The Early Modern Inven­tion of the Ancient Andes

6. Oktober 2022

The Institut für Kunst- und Bild­ge­schichte is very pleased to welcome the first Census x Hertziana Fellow, Juan Carlos Mantilla, who has begun a 6‑month rese­arch project titled, ‘The Early Modern Inven­tion of the Ancient Andes’.  During his fellow­ship, Mantilla will parti­ci­pate in both the Census in Berlin and the ‘Italy in a Global Context’ program under the direc­tion of Prof. Dr. Tristan Weddigen at the Biblio­theca Hertziana in Rome.

Mantilla is a Ph.D. candi­date at Columbia Univer­sity in the Depart­ment of Latin American and Iberian Cultures, the Insti­tute for Compa­ra­tive Lite­ra­ture and Society, and the Medi­eval and Renais­sance Studies Program. He specia­lizes in the compa­ra­tive art histo­rical and literary studies of the Early Modern Period with a focus on the Indi­ge­nous Americas. His inter­di­sci­pli­nary rese­arch examines a broad corpus of printed and manu­script texts in Clas­sical, Indi­ge­nous, and Romance languages along­side Early Modern visual arts and Pre-Colum­bian archaeo­lo­gical mate­rial. Juan Carlos has received the support of fellow­ships from the Social Science Rese­arch Council, the Freie Univer­sität Berlin’s Graduate School of Literary Studies, the Bard Graduate Center, The Center for Black, Brown, and Queer Studies, the Insti­tute for Compa­ra­tive Lite­ra­ture and Society, and the Insti­tute for Reli­gion, Culture and Public Life at Columbia Univer­sity. Addi­tio­nally, he has completed rese­arch assi­stanships at Stan­ford Univer­sity and Univer­sidad de Buenos Aires.

Please find a descrip­tion of his rese­arch project below.

The Early Modern Inven­tion of the Ancient Andes 

Juan Carlos Mantilla, PhD Candi­date, Columbia Univer­sity, New York

Manco Capac, was, according to a mythical narra­tive from Cuzco, a foun­ding ruler. With his brothers and sisters, called the Ayar, he emerged from the Cave of Paca­rit­ambo with the command of funding a polity to orga­nize the lawless terri­to­ries of the Andean high­lands. Manco Capac reap­pears in this seven­te­enth-century folio of the Italian Biblio­teca Ange­lica ms. 1551, imagined stan­ding as a roman statue, and termed “the first king of Perú.” In the Early Modern period, Manco Capac meta­mor­phosed from a funding figure of Paca­rit­ambo to an ancient king,

My rese­arch as part of the Census x Herz­tiana fellow­ship is an inter­di­sci­pli­nary explo­ra­tion of the Early Modern trans­at­lantic inven­tions of the Pre-Colum­bian past as part of global anti­quity. This project is centered in the Andean region of the Americas and studies the recep­tion of Pre-Colum­bian Andean ancient tradi­tions in the visual and written culture of the Early Modern era and its entan­gle­ments with Early Modern poli­tical, histo­rical, and theo­lo­gical theo­ries. Loca­ting this inte­rest in pre-Colum­bian cultures as part of a broader Early Modern trans­at­lantic scho­l­arly and artistic inte­rest in the ancient world, I explore the prac­tices of acqui­si­tion of know­ledge, theo­riz­a­tion, and imagi­ning of the pre-Colum­bian past, and their resul­ting myth­ma­king practices.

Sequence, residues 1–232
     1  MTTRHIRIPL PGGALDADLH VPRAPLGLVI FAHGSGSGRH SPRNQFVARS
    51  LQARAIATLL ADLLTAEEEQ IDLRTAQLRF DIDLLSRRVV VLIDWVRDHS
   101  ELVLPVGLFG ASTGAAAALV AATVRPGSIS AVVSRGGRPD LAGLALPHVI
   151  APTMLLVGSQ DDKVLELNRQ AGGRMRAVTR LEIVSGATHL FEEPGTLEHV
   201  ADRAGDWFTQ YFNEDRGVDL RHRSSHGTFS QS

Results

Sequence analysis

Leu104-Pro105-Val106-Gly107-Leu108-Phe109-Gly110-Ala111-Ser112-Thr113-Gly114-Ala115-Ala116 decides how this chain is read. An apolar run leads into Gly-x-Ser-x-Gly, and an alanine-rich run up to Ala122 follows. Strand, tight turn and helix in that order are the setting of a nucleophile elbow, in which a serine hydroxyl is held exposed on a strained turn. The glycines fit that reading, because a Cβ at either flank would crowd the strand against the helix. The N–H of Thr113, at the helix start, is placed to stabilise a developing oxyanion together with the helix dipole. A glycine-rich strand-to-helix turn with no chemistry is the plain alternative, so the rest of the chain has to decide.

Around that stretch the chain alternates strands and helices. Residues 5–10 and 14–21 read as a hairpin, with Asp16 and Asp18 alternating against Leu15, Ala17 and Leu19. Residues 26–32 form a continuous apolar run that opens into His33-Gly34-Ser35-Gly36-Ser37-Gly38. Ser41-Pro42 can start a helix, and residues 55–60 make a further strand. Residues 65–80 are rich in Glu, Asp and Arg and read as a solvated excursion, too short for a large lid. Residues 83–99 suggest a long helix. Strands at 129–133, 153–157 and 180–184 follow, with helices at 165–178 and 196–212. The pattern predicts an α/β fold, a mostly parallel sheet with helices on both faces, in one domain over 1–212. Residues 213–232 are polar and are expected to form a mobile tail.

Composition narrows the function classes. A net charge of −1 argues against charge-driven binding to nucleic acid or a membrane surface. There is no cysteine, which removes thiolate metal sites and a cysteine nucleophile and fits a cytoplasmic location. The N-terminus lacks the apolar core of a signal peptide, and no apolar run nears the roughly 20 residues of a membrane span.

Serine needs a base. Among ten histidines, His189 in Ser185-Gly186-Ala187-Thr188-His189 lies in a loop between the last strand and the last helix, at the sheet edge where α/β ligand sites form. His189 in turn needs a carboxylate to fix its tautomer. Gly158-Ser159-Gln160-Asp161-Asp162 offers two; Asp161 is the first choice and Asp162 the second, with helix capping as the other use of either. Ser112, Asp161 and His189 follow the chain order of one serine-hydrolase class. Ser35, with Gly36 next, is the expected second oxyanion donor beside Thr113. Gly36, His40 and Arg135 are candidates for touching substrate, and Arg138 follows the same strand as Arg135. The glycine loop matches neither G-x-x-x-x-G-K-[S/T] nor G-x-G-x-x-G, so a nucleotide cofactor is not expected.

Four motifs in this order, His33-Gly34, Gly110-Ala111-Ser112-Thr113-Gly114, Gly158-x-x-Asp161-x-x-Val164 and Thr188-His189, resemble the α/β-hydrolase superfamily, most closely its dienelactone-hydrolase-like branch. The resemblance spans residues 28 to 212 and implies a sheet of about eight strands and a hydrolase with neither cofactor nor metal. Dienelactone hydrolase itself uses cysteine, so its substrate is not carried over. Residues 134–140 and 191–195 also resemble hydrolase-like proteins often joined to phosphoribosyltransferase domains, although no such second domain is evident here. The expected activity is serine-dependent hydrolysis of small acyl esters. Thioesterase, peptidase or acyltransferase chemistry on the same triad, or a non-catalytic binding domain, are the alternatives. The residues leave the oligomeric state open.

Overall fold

I argue that Pre-Colum­bian mate­rial culture and Indi­ge­nous history became a funda­mental element of Early Modern culture. Early Modern artists and scho­lars created inno­va­tive forms to explore, inter­pret, depict, and narrate the histo­ries of the Pre-Colum­bian past. In doing so, they simul­ta­ne­ously created the visual tropes and histo­rio­gra­phical concepts through which the Pre-Colum­bian past is imagined until our days, such as the idea of the “Inca Kings” their “Fortresses” and “Temples.”

My project studies a corpus of Pre-Colum­bian objects and narra­tives in dialogue with their recep­tion in the Early Modern arts and lite­ra­tures, and their role in crea­ting the idea of global anti­quity. It is also a syste­matic study of the rele­vance of Indi­ge­nous tradi­tions in Early Modern cultural history, and an in-depth explo­ra­tion of Early Modern visual sources depic­ting Andean anti­quity. My rese­arch high­lights the inse­pa­ra­bi­lity of Indi­ge­nous mate­rial culture and pre-Colum­bian histo­ries from Early Modern global art and cultural history.

Artist Unknown, Manco Capac, Rome, Biblio­teca Ange­lica ms. 1551, section 3, fol. 77